Hillsborough inquests jury sent out to consider verdicts

Pictured is what is thought to be  thought to be Inspector Harry White

 on the pitch at the Hillsborough disaster

Pictured is what is thought to be thought to be Inspector Harry White on the pitch at the Hillsborough disaster

The jury in the Hillsborough Disaster inquests has been sent out to consider its verdict.

Coroner Sir John Goldring ordered the jurors to set aside any ‘personal issues’ and work in a ‘civilised manner’ ahead of retiring.

Sir John told the jury of seven women and three men the inquests: “We are conscious that you have devoted a very large part of your lives to these inquests.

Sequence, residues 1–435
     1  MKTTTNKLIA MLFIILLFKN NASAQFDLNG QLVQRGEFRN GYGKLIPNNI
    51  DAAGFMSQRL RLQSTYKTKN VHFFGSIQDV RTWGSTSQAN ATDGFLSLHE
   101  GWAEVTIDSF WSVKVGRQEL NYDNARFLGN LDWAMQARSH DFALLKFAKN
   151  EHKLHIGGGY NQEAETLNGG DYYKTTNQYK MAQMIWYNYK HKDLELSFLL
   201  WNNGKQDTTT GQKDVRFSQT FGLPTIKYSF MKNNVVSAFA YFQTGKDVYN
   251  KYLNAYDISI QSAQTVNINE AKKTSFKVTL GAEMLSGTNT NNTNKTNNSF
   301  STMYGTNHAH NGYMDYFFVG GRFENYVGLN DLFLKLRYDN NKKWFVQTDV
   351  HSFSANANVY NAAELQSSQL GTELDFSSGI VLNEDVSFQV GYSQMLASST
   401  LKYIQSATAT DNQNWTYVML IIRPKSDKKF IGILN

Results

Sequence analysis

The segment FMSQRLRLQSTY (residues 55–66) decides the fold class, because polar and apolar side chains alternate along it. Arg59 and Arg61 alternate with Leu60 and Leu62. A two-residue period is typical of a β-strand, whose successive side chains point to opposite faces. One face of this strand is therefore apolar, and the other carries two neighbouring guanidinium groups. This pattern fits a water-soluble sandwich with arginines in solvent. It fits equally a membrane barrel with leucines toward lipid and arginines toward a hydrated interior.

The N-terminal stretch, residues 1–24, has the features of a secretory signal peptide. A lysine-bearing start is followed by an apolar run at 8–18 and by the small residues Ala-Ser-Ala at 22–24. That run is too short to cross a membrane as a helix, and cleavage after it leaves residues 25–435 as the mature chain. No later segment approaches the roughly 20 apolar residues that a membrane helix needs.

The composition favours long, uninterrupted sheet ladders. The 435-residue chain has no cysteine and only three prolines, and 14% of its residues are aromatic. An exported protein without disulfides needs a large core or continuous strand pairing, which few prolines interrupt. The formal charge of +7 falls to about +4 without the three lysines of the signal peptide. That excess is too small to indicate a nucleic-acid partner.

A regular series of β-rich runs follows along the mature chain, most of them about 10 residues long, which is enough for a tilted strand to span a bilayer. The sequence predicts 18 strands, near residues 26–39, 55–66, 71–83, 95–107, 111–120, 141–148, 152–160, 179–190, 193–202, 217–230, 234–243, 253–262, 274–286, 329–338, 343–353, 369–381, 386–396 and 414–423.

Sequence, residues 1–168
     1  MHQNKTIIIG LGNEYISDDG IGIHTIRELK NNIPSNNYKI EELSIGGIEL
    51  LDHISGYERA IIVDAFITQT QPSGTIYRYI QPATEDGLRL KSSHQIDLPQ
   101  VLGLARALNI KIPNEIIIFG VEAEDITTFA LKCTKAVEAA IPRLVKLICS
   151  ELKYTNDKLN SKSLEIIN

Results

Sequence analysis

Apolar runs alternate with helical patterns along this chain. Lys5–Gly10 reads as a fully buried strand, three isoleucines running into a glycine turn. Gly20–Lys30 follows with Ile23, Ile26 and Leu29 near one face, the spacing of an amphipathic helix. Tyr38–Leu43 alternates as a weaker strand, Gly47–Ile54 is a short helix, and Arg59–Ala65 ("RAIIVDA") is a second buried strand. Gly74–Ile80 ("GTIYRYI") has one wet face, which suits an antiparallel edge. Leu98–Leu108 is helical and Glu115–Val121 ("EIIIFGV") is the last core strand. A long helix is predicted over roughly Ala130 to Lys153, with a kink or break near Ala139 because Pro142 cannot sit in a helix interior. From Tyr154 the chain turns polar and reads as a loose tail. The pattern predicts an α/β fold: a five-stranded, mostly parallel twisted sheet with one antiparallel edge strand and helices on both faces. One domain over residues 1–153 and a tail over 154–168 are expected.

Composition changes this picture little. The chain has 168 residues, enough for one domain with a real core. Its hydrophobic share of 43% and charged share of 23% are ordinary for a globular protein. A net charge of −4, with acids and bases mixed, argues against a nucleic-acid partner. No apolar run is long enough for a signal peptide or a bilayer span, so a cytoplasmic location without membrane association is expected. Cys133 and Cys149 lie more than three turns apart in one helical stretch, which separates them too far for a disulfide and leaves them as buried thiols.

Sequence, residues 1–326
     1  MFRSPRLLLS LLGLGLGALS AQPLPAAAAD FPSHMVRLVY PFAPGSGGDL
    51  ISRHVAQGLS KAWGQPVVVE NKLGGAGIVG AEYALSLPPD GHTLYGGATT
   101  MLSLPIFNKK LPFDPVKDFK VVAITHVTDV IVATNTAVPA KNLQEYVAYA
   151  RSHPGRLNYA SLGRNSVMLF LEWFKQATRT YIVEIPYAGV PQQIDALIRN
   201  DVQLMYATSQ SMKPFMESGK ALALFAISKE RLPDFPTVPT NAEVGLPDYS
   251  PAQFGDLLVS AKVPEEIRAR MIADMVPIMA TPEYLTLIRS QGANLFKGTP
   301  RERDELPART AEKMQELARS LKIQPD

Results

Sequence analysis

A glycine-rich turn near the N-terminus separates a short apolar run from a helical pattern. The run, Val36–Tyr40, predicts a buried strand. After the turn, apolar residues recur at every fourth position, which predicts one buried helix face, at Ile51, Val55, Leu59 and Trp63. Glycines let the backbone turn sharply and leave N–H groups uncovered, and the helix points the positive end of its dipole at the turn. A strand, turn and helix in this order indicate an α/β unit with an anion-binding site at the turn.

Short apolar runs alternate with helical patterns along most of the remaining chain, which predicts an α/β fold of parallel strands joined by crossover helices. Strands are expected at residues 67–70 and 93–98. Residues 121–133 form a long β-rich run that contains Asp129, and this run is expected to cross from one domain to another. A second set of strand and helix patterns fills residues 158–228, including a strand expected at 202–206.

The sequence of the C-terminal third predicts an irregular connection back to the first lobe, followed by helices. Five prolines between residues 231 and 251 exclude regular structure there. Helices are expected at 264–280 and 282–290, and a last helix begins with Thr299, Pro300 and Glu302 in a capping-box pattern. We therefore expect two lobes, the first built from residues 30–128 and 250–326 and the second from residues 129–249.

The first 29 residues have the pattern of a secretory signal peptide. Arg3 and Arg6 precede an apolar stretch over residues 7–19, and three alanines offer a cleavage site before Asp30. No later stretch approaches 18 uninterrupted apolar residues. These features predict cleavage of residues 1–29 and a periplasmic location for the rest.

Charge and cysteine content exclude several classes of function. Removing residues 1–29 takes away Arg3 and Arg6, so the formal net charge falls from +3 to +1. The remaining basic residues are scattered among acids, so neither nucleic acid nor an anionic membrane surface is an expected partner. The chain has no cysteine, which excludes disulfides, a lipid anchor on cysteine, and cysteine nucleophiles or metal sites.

“We have, of course reached a very important stage of the inquests.”

The jury has been given 14 questions to answer about how the 96 died at the semi-final between Liverpool and Nottingham Forest on April 15, 1989 – including whether they were unlawfully killed.

The new inquests started on April 1, 2014. Now, after 276 days of evidence, the inquests have been the longest case ever heard by a jury in British legal history.